An interesting new direction of EV-mediated communication during infection is reported at the microbial population level. EVs play a functional role in the “division of labour” phenomenon observed in Cryptococcus neoformans var. gattii that is critical to activate infectivity. In this regard, EVs are a communication channel between phagocytosed cryptococcal individuals and the extracellular Cryptococcus population (24). Moreover, recent reports indicate that microbiota-derived vesicles might be protective against diseases in the gut system (25). Furthermore, diet-consumed plant-derived exosome-like EVs (sometimes called dietary EVs) might be taken up by the gut microbiota with effects on the host wellbeing (26). These latest observations open new perspectives onto EVs as pluripotent multi-organismal communication media to direct microbial organisation connected to plant and animal host fitness.

How do EVs pass cellular barriers?

Cellular release of EVs by bacterial, fungal and plant cells raise the question of how do lipid membrane particles of 50-500 nanometres in diameter pass complex cellular barriers, such as the periplasmic matrix and the cell wall. Is the plasticity of the cell wall way higher than formerly expected? The shape and size of EVs might be flexible as well, thus, EVs might fit through cell wall pores and channels despite the EV size (27). This is supported by observations made by scanning EM showing the transfer of AmBisome® particles, a commercial antifungal liposome formulation, through the fungal cell wall (28). EM tomography at the fungal-plant interface revealed multiple morphologies of extracellular lipid formations, from round-shaped individual particles to interconnected tube-like membrane structures and networks (29, 30). Cell wall remodelling enzymes that have been identified as part of the EV cargo in fungi might break down local cell wall structures to facilitate passage of EVs in particular through these tight matrices. Finally, plant pathogens, such as B. cinerea, release cell wall-degrading enzymes during host colonization, which soften the plant cell wall and thus might promote fungal EV entry into plant cells. Other types of plant-interacting microbes can form intimate cell/cell contacts with accommodating host plants, at which cell walls are largely removed, such as the haustorium of pathogens, the arbuscle of plant-mycorrhizal fungi, or the nodule of nitrogen-fixing bacteria. These interfaces enable extensive bi-directional molecular exchanges, possibly through microbial and plant EVs.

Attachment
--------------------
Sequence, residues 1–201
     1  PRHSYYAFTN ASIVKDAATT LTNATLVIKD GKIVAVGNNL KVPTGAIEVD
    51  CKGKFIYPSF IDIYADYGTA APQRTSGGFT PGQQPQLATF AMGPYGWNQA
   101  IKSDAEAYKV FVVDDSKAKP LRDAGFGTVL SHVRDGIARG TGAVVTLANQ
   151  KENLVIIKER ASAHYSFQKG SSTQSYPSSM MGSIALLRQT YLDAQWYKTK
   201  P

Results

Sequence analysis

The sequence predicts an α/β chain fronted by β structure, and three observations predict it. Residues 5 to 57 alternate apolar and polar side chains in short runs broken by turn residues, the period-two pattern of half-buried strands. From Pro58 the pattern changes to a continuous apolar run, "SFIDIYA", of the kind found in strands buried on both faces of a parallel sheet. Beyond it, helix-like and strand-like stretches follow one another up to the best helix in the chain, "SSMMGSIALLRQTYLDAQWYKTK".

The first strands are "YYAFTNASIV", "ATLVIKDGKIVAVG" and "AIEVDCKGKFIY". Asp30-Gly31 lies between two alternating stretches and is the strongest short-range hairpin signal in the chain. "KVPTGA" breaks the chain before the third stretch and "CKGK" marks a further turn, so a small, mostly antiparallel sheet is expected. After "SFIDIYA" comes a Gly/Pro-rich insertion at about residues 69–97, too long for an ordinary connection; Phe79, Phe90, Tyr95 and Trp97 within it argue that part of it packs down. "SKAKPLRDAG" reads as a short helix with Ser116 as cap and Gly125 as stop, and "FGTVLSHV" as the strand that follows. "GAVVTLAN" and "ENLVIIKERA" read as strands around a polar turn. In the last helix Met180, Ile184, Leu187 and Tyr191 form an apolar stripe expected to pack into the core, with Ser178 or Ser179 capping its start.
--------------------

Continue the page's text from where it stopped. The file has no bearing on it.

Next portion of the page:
Conclusion

EVs attract growing attention in the field of molecular plant-microbe interactions. The transport of pathogenic proteins and sRNAs into host plant cells by EVs offers an answer to a longstanding question regarding the mechanism of effector delivery. Moreover, EVs are presently secreted by all types of living cells, pathogenic or not, and EV-transmitted regulatory RNAs can serve as a unique message understood by all life forms, as it largely relies “only” on nucleobase pairing (18).
In order to advance our understanding in the biological function of EVs in host-microbe interactions, the development of reliable protocols and standards for EV purification, visualization, and identification via proper EV biomarkers as well as the analysis of their molecular composition are required. Only then, investigation of EVs in situ will become a key to decode the communication code of EVs between cells to achieve accommodation, infection, or immunity that will extend our views on EVs in host-microbe interactions.

Authors
Arne Weiberg
Faculty of Biology, Genetics, Biocenter Martinsried
LMU Munich, Großhaderner Str. 2-4, 82152 Martinsried, Germany